Researchers have given little chance of rebuilding the Florida Panther population. In 1995, about 20 individuals lived in the wild. Crossing with Texas Panther increased one of the most endangered mammal populations in the world.
Reducing the Natural Environment
In the past, the panther inhabited the southeastern United States, today they live only in south Florida. The cat began disappearing after the settlers arrived in America in the 17th century. As a result of deforestation and other human activities, the panther lost much of its natural habitat.
Florida panther moves in forests, swamps, steppes, and hunts mainly white-tailed deer, pigs, raccoons, and armadillos. Their prey also lost its natural environment, so hungry cats resorted to hunting cattle calves in the absence of natural food. Local farmers killed panthers until the 20th century.
Today, the most significant danger for the panthers is transport. New roads divide the original territories and create barriers in the places where the animals travel. When isolated individuals decide to overcome these obstacles, they often end up under the car’s wheels.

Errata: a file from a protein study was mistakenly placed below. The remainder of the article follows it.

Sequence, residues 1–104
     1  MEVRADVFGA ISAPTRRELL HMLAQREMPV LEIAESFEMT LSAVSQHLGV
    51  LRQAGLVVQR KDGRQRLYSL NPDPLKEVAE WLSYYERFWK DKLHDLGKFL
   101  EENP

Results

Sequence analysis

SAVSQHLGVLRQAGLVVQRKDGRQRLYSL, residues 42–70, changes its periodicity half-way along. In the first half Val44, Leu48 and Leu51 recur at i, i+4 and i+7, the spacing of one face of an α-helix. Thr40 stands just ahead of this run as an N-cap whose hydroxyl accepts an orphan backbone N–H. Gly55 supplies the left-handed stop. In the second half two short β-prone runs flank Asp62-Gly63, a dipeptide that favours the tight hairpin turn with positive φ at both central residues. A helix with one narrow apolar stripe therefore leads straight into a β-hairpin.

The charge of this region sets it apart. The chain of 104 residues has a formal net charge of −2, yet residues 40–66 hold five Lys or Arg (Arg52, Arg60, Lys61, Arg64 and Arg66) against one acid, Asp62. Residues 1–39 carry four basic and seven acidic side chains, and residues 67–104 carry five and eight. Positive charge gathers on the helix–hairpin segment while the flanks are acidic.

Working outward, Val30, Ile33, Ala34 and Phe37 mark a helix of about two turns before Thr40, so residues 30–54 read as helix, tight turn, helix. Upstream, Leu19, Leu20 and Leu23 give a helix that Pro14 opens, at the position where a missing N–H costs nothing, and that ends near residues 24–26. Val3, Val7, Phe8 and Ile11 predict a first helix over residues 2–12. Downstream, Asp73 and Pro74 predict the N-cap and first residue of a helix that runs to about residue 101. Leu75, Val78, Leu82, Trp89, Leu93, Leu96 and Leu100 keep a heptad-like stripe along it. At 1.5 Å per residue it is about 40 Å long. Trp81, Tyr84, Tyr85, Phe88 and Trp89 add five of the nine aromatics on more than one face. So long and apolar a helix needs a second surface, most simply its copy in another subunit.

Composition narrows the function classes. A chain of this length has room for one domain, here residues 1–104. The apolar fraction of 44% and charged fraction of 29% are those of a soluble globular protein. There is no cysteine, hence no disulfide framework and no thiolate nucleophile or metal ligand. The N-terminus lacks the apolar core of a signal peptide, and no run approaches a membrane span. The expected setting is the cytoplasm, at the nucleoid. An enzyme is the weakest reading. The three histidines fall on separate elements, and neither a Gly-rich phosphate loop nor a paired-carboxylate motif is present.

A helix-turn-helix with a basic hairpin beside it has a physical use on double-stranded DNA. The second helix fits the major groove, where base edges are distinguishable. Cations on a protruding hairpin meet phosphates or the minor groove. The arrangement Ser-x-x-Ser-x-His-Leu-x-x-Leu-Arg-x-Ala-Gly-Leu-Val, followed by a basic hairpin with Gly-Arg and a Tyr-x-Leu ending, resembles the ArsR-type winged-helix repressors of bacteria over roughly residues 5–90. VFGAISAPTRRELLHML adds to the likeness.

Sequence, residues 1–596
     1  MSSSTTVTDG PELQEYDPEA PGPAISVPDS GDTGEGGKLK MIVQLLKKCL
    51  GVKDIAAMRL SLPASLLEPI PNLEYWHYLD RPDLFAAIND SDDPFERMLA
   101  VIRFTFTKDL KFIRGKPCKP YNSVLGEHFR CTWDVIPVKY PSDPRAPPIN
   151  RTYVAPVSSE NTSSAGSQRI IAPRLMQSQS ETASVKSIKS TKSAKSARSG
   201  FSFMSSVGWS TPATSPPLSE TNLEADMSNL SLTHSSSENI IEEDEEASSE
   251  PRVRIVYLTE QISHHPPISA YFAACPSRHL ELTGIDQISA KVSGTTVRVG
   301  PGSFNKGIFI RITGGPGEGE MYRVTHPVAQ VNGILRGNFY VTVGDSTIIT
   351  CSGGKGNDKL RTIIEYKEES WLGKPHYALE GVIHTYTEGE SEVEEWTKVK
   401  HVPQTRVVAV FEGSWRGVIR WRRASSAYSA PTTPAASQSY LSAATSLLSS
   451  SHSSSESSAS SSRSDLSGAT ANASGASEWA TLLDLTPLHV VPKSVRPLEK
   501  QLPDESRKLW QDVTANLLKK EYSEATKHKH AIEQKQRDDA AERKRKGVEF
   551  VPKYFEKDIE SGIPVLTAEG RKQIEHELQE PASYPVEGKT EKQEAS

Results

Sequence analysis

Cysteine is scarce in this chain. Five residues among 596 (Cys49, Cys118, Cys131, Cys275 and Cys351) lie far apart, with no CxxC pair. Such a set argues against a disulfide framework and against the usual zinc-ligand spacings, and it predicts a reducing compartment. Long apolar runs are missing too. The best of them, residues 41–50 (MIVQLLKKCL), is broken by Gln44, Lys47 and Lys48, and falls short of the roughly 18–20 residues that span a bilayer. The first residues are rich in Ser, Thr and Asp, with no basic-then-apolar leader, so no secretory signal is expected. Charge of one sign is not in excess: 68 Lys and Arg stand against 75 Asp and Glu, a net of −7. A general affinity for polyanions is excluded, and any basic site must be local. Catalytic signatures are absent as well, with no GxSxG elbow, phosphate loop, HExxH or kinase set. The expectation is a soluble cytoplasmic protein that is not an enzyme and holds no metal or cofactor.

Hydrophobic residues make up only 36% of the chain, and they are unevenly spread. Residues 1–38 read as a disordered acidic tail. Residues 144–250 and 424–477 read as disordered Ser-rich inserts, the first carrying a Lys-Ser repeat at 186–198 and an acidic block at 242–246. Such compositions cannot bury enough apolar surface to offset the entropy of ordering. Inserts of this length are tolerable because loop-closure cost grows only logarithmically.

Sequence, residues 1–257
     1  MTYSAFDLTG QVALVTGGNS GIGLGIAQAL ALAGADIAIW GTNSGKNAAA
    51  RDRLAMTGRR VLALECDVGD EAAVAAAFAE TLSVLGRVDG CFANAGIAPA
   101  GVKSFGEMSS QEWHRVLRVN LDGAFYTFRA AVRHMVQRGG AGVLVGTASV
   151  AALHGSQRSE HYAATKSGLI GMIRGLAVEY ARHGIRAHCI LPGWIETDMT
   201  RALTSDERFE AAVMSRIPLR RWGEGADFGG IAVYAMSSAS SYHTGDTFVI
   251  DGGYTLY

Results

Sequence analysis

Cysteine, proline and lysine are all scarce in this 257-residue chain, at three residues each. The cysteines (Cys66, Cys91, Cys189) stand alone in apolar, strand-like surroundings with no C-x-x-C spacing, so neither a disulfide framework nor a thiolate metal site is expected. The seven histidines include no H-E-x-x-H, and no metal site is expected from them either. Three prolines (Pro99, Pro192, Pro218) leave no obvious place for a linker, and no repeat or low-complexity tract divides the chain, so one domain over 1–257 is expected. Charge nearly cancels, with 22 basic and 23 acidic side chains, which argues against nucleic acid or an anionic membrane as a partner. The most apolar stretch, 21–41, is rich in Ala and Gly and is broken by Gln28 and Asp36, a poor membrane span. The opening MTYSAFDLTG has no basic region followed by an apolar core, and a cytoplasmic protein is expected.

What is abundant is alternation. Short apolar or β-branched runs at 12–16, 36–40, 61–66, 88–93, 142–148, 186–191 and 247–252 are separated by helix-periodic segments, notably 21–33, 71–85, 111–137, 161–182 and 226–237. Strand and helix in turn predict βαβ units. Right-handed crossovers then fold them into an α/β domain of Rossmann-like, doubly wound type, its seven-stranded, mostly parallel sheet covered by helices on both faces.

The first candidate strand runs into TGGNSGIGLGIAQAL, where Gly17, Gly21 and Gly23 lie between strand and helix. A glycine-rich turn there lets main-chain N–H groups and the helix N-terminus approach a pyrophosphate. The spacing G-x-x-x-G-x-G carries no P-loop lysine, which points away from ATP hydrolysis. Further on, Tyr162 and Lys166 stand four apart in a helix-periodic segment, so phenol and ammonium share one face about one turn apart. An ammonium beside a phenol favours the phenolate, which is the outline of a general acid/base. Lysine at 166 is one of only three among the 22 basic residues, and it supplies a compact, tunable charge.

Especially males, which tend to have up to 500 km, need large, protected areas, a varied landscape with forests, wetlands, steppes, and pastures. Protecting the Florida panther’s environment is hope for many other animal and plant species.
Crossbreeding Mature Individuals
The critical state of the population, which biologicals estimated at 20 to 25 animals in 1995, led to a radical decision. The cats were transported to Florida from Texas, which is genetically closest to the Florida panther. Although this crossed two subspecies, the Florida population was saved. The number of individuals began to rise, and the entire population was largely recovered.
Currently, about 100 to 180 panthers live in southern Florida. In order for a population to be considered stable, there must be at least 500 individuals. The Florida panther is one of the most endangered mammals in the world.
Featured photo: https://commons.wikimedia.org/w/index.php?curid=31364438, Autor: U.S. Army Corps of Engineers – Flickr